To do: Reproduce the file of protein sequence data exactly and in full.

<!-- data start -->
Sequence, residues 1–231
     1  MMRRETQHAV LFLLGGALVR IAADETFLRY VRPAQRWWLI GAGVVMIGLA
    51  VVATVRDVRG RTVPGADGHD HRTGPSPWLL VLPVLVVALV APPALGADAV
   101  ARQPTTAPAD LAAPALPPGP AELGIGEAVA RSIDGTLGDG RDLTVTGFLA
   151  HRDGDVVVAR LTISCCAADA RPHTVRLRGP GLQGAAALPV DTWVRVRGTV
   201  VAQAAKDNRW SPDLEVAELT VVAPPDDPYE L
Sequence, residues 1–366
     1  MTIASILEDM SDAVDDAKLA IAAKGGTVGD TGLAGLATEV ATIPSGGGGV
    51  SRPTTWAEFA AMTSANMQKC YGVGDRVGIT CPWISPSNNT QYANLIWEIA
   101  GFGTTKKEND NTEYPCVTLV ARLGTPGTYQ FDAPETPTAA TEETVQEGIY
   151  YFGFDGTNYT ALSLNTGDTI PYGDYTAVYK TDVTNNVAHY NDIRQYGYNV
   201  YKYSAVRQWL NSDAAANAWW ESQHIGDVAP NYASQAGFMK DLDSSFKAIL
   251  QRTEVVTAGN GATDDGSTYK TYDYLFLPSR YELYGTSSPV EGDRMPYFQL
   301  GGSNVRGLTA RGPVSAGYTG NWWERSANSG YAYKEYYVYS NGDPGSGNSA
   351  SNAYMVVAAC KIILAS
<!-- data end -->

Sequence, residues 1–231
     1  MMRRETQHAV LFLLGGALVR IAADETFLRY VRPAQRWWLI GAGVVMIGLA
    51  VVATVRDVRG RTVPGADGHD HRTGPSPWLL VLPVLVVALV APPALGADAV
   101  ARQPTTAPAD LAAPALPPGP AELGIGEAVA RSIDGTLGDG RDLTVTGFLA
   151  HRDGDVVVAR LTISCCAADA RPHTVRLRGP GLQGAAALPV DTWVRVRGTV
   201  VAQAAKDNRW SPDLEVAELT VVAPPDDPYE L
Sequence, residues 1–366
     1  MTIASILEDM SDAVDDAKLA IAAKGGTVGD TGLAGLATEV ATIPSGGGGV
    51  SRPTTWAEFA AMTSANMQKC YGVGDRVGIT CPWISPSNNT QYANLIWEIA
   101  GFGTTKKEND NTEYPCVTLV ARLGTPGTYQ FDAPETPTAA TEETVQEGIY
   151  YFGFDGTNYT ALSLNTGDTI PYGDYTAVYK TDVTNNVAHY NDIRQYGYNV
   201  YKYSAVRQWL NSDAAANAWW ESQHIGDVAP NYASQAGFMK DLDSSFKAIL
   251  QRTEVVTAGN GATDDGSTYK TYDYLFLPSR YELYGTSSPV EGDRMPYFQL
   301  GGSNVRGLTA RGPVSAGYTG NWWERSANSG YAYKEYYVYS NGDPGSGNSA
   351  SNAYMVVAAC KIILAS